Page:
Is the era of tanks over? .. Light weapon technology stops Russian bear’s progress in Ukraine | technology

Images of destroyed Russian “tanks” and destroyed convoys in Ukraine have filled social media in recent weeks, but are these images a bigger trend or just isolated incidents?

According to some reports, such as the one published by Insider, Russia has definitely lost tanks and other equipment captured or destroyed by the Ukrainians, and the news organization estimates that 10% of Russian military equipment has been destroyed. But that may not be accurate.

Most of these losses appear to be caused by Javelin or FGM-148 missiles from the West and the next generation of light anti-tank weapons called NLAWs, which are specifically designed as Anti-tank weapons. The Russian losses should therefore come as no surprise.

Is this the end of the era of tanks?

Some experts claim that we can see the end of tanks as an effective military weapon. Some claim that the tank will soon be preserved with the chariot and riders in museums.

One of the main problems is to distinguish what is a “real” tank from other “tank-like” military vehicles. While the definition of a tank has changed over time, the term today generally refers to what are known as main battle tanks.

Other armored vehicles, such as armored personnel carriers, self-propelled artillery and other motorized infantry vehicles, are often categorized in news reports as tanks, although they should not be technically so.

The Oryx website, which records losses in the war, divides Russian vehicle losses by technical category, making it much easier to determine the extent of Russian losses.

According to Oryx, Russia lost 279 tanks somewhere in Ukraine, of which 116 were destroyed, 4 damaged and 41 abandoned. Ukrainian forces captured about 118. This number may seem large, but the Russian Federation has 12,240 combat tanks.

However, most of these 12,240 tanks are old Soviet-era designs, such as the T-72, which is more than 50 years old.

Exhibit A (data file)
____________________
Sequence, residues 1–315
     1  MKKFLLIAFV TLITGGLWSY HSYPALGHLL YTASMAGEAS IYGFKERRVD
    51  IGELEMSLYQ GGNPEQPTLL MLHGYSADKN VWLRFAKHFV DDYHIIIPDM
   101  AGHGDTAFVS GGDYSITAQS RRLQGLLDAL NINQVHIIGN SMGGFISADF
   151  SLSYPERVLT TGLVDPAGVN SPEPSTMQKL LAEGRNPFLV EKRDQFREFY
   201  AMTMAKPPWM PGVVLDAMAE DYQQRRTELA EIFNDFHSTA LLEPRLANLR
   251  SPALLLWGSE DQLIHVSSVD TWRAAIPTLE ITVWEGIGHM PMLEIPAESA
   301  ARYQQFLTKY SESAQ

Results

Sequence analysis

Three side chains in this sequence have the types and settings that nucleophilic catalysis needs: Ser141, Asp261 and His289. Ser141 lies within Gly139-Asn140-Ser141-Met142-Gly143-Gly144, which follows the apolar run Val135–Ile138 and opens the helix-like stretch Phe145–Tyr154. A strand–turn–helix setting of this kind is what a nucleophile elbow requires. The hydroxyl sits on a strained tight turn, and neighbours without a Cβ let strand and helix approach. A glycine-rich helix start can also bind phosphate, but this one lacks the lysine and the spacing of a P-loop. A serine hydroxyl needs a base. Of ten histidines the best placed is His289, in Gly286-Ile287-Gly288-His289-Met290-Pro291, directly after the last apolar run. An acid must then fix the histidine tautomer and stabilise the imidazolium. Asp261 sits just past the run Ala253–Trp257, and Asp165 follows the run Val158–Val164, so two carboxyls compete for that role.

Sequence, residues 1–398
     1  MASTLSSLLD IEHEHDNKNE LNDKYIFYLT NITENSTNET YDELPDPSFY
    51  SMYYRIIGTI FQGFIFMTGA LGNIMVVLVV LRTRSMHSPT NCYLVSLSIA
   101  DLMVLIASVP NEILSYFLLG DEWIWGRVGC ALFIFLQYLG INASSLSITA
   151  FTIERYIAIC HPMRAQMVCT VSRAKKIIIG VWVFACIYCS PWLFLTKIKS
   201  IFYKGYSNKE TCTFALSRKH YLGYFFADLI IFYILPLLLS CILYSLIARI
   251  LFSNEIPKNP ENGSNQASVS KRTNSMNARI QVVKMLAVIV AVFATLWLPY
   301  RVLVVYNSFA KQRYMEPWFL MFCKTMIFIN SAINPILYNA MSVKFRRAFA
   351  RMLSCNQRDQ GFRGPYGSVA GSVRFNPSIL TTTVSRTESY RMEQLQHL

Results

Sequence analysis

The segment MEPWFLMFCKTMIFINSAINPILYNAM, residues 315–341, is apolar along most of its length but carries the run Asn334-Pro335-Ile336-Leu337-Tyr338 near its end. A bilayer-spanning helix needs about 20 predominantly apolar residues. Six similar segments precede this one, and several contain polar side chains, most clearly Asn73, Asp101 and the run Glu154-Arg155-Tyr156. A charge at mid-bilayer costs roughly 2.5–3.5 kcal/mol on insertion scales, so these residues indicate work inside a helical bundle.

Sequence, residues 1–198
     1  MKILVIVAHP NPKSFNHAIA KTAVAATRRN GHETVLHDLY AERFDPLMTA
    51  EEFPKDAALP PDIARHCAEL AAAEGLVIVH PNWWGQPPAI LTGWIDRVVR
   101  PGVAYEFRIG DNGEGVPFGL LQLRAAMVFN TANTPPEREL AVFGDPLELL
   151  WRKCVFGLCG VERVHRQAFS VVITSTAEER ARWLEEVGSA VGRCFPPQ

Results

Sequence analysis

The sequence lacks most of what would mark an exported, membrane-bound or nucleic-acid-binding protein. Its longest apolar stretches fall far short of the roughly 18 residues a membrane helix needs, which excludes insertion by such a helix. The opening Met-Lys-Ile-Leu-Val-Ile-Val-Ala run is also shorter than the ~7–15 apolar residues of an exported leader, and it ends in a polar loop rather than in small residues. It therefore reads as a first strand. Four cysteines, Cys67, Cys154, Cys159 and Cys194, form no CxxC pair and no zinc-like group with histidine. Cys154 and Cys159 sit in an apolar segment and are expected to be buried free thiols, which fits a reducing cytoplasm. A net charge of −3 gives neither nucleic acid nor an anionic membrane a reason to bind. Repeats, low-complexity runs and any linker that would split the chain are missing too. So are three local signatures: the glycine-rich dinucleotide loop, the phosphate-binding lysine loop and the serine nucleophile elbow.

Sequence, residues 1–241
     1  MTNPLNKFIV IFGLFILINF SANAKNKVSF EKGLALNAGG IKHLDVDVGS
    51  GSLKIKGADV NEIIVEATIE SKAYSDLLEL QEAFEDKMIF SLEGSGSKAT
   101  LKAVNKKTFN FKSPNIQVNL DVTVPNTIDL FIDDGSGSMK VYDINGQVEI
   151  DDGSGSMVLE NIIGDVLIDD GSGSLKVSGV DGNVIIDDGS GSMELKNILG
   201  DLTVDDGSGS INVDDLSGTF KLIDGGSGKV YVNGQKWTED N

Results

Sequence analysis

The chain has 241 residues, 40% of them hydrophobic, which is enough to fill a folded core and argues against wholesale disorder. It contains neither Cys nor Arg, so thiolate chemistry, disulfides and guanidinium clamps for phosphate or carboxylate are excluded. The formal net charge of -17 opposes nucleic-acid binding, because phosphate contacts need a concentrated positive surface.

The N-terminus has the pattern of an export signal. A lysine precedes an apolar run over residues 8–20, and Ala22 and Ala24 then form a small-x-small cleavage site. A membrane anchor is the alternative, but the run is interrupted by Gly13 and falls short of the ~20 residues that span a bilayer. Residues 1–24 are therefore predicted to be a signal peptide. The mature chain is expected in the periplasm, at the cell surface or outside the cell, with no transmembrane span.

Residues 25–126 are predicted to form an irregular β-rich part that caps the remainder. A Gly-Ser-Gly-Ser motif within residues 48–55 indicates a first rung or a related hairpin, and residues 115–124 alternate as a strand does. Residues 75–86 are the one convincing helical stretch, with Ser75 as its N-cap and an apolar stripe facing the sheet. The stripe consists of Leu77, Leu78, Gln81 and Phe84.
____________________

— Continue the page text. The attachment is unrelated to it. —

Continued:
Turkish drones such as the “TP2” were used by the Ukrainian (German) forces.

Why is Russia losing so many tanks in Ukraine?

As many military experts have pointed out, the biggest problem seems to be Russia’s inability to adequately supply and maintain hardware. So far, most of the combat vehicles we have seen in action have not been well maintained, and the supply lines appear to be near breaking point.

Not only that, but large units like tanks seem to have been exposed without either infantry or air support, a critical point for these powerful war weapons.

There is the hostile organizational factor. The United States, for example, lost some of its most advanced tanks during the Battle of Medina Ridge, one of the longest tank battles in modern times that took place on February 27, 1991 during the Second Gulf War. between the Division The first U.S. armored vehicle and the second brigade of the Iraqi Republican Guard, and this was due to the strict organization of the Iraqi forces along its lines.

Light technology eliminates tanks

All of these hypotheses may be the reason why the Russians lost many battle tanks, but the hypothesis that experts believe holds the answer to this question is technical advances in the field of tank weapons.

Modern tank missiles and unmanned aerial vehicles have a significant impact on the resolution of current battles. The use of drones has aroused the interest of military analysts in the conflict in Ukraine.

Turkish drones such as the TB2 are used excellently by the Ukrainian forces, as these drones can attack tanks directly or be used for surveillance.

“We are actually seeing a significant impact of the Ukrainian military’s use of Bayraktar drones, and other smaller aircraft, against Russian armored vehicles,” former U.S. Army officer Paul Schaar told Insider. “UAVs can be very effective in controversial airspace, partly because of this, due to its ability to fly at low altitudes, and partly because you do not dare to be a pilot.”

The administration of US President Joe Biden has sent 100 “Switchblade” drones to Ukraine, a one-time backpack the size of a backpack, and which can take armored vehicles out of combat by flying over them and colliding directly with them to to make them explode. in a “kami-kaz” style. “.

The other technical weapon that analysts expect to help Ukrainian forces prevent Russian tank columns from invading Kiev is the Next Generation Light Anti-Tank (NLAW).

The Swedish-designed British weapon is the next generation of light anti-tank weapons and is relatively easy to use. Lightweight and portable on the shoulder, the trigger follows a target within half a mile for a few seconds and then shoots. A technical system directs the missile to the target.

NLAW is designed exactly for urban warfare as it is in Ukraine.

“The NLAW can attack from almost anywhere, from the top of a building to behind a tree or in a hole,” the arms manufacturer SAAB states on its website. A building, from the basement or from the second floor of a building outside the range of most tanks. “

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